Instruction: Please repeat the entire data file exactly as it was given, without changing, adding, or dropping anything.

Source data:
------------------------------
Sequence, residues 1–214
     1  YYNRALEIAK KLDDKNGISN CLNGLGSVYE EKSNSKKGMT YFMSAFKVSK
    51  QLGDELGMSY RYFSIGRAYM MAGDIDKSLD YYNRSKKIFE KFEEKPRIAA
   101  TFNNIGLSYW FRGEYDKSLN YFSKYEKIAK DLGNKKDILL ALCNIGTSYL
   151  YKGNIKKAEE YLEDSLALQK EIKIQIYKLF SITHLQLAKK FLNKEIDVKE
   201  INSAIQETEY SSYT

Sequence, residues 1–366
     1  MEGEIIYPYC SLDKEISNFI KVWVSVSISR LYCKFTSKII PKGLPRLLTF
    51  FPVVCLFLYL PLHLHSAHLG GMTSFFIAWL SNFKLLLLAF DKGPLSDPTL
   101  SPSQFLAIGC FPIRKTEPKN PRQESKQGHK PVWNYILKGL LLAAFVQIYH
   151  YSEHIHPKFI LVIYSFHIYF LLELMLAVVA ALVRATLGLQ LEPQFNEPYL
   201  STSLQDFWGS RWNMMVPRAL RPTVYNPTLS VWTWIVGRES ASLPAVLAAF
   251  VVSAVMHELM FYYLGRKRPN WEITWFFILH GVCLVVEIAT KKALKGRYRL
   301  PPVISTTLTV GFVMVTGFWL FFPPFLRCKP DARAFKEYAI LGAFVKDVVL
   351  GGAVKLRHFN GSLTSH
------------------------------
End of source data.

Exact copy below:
Sequence, residues 1–214
     1  YYNRALEIAK KLDDKNGISN CLNGLGSVYE EKSNSKKGMT YFMSAFKVSK
    51  QLGDELGMSY RYFSIGRAYM MAGDIDKSLD YYNRSKKIFE KFEEKPRIAA
   101  TFNNIGLSYW FRGEYDKSLN YFSKYEKIAK DLGNKKDILL ALCNIGTSYL
   151  YKGNIKKAEE YLEDSLALQK EIKIQIYKLF SITHLQLAKK FLNKEIDVKE
   201  INSAIQETEY SSYT

Sequence, residues 1–366
     1  MEGEIIYPYC SLDKEISNFI KVWVSVSISR LYCKFTSKII PKGLPRLLTF
    51  FPVVCLFLYL PLHLHSAHLG GMTSFFIAWL SNFKLLLLAF DKGPLSDPTL
   101  SPSQFLAIGC FPIRKTEPKN PRQESKQGHK PVWNYILKGL LLAAFVQIYH
   151  YSEHIHPKFI LVIYSFHIYF LLELMLAVVA ALVRATLGLQ LEPQFNEPYL
   201  STSLQDFWGS RWNMMVPRAL RPTVYNPTLS VWTWIVGRES ASLPAVLAAF
   251  VVSAVMHELM FYYLGRKRPN WEITWFFILH GVCLVVEIAT KKALKGRYRL
   301  PPVISTTLTV GFVMVTGFWL FFPPFLRCKP DARAFKEYAI LGAFVKDVVL
   351  GGAVKLRHFN GSLTSH